In some of the harshest and one-sided language he has used to date, former Democratic President Jimmy Carter called Israeli "domination" over Palestinians "atrocious" in an interview today on ABC's "Good Morning America."

    Carter said there was "no doubt now that a minority of Israelis are perpetuating apartheid on the people in Palestine, the Palestinian people."

    Carter called Israel's occupation the "prime cause" of continuing violence in the Middle East.

    "And contrary to the United Nations resolutions, contrary to the official policy of the United States government, contrary to the Quartet so-called road map, all of those things – and contrary to the majority of Israeli people's opinion – this occupation and confiscation and colonization of land in the West Bank is the prime cause of a continuation of violence in the Middle East," he said.

    "And what is being done to the Palestinians under Israeli domination is really atrocious.

    It's a terrible affliction on these people."

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     Tuesday, November 28, 2006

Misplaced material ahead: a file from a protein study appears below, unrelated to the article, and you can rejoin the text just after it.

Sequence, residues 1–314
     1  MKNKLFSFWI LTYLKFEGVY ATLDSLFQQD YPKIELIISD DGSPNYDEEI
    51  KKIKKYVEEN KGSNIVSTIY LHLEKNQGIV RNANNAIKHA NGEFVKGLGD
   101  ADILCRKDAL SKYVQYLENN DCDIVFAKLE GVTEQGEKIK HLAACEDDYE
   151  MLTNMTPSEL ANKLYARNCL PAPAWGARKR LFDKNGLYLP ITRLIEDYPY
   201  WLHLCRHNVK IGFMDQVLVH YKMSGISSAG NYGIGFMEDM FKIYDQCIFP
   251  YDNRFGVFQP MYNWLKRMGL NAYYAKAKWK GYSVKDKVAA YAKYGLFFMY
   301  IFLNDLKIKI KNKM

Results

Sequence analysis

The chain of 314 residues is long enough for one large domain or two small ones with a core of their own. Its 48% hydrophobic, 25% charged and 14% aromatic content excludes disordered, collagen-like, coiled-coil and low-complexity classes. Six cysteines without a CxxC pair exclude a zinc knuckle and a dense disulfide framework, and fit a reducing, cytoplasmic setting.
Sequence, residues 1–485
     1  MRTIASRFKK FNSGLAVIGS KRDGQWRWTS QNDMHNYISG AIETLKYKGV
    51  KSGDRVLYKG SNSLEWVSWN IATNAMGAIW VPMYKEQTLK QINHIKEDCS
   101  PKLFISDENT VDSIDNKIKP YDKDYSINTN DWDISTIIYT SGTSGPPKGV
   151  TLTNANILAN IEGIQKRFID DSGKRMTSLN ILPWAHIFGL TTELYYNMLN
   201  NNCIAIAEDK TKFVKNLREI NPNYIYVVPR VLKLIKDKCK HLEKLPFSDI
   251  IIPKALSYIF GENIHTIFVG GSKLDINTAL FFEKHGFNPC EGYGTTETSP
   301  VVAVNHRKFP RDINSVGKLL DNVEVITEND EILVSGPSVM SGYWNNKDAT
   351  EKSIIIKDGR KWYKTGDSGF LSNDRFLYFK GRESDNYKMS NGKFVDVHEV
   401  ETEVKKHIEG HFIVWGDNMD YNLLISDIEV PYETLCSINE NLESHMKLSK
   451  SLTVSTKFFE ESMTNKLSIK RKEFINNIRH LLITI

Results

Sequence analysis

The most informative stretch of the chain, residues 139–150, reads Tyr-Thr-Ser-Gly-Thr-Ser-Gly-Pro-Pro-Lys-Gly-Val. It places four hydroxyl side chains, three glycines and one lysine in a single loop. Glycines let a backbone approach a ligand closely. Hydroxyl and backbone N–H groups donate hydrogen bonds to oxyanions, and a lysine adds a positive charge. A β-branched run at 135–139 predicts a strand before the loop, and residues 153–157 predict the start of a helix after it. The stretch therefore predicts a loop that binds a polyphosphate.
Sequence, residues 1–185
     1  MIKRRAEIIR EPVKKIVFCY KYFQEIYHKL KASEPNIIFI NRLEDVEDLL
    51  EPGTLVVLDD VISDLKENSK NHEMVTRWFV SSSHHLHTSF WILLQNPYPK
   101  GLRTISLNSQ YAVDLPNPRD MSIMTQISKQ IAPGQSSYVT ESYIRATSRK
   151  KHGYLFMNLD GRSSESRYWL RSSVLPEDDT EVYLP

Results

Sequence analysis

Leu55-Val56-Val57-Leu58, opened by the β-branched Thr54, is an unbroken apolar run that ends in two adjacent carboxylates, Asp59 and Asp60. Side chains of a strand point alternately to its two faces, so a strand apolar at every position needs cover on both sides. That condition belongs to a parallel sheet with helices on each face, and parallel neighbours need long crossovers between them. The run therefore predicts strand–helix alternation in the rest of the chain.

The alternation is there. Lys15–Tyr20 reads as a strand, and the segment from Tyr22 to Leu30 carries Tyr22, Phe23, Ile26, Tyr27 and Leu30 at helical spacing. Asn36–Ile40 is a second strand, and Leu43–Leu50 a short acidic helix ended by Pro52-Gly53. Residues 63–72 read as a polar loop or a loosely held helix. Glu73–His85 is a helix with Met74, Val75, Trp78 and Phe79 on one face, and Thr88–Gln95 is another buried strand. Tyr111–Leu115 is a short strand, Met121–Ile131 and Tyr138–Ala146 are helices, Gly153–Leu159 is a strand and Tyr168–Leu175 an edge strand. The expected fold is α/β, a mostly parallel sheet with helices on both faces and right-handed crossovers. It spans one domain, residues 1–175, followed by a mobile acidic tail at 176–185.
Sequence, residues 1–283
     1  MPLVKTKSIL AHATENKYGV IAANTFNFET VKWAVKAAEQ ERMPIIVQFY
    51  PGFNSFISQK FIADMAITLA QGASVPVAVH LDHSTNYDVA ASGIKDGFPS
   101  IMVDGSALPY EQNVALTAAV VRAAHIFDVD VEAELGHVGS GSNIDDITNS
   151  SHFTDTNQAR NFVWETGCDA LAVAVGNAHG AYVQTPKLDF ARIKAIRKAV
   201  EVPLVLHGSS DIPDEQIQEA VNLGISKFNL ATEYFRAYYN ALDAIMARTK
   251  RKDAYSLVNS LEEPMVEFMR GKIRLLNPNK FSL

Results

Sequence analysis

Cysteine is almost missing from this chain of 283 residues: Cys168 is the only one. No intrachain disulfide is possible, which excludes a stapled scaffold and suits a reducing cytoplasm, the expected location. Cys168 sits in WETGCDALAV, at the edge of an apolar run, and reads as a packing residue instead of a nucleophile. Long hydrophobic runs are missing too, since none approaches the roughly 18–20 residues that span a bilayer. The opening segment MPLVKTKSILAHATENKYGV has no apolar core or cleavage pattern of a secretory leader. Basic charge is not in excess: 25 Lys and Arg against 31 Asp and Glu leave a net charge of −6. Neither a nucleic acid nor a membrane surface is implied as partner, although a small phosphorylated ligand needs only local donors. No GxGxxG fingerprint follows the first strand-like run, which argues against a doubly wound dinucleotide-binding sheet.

IRAQ WAR: They Lied Their Way into Iraq And Now They Are Trying to Lie Their Way Out


    Other Breaking News

    Bush Blames Al Qaeda for Wave of Iraq Violence

    President Bush today said Al Qaeda was to blame for the rising wave of sectarian violence in Iraq, which he refused to label a civil war.

    Mr. Bush said he would press Iraq’s prime minister, Nuri Kamal al-Maliki, during meetings in Jordan later this week to lay out a strategy for restoring order.

    My questions to him will be: What do we need to do to succeed? What is your strategy in dealing with the sectarian violence?” said Mr. Bush. “I will assure him that we will continue to pursue Al Qaeda to make sure that they do not establish a safe haven in Iraq.”

    Read here for more


    "Bush and Blair will blame anyone but themselves for the consequences of their disastrous war - even its victims"


    Gary Younge

    Read here full article in The Guardian(UK)

    'In the endgame," said one of the world's best-ever chess players, José Raúl Capablanca, "don't think in terms of moves but in terms of plans."

    The situation in Iraq is now unravelling into the bloodiest endgame imaginable.

    Both popular and official support for the war in those countries that ordered the invasion is already at a low and will only get lower.

    Whatever mandate the occupiers may have once had from their own electorates - in Britain it was none, in the US it was precarious - has now eroded.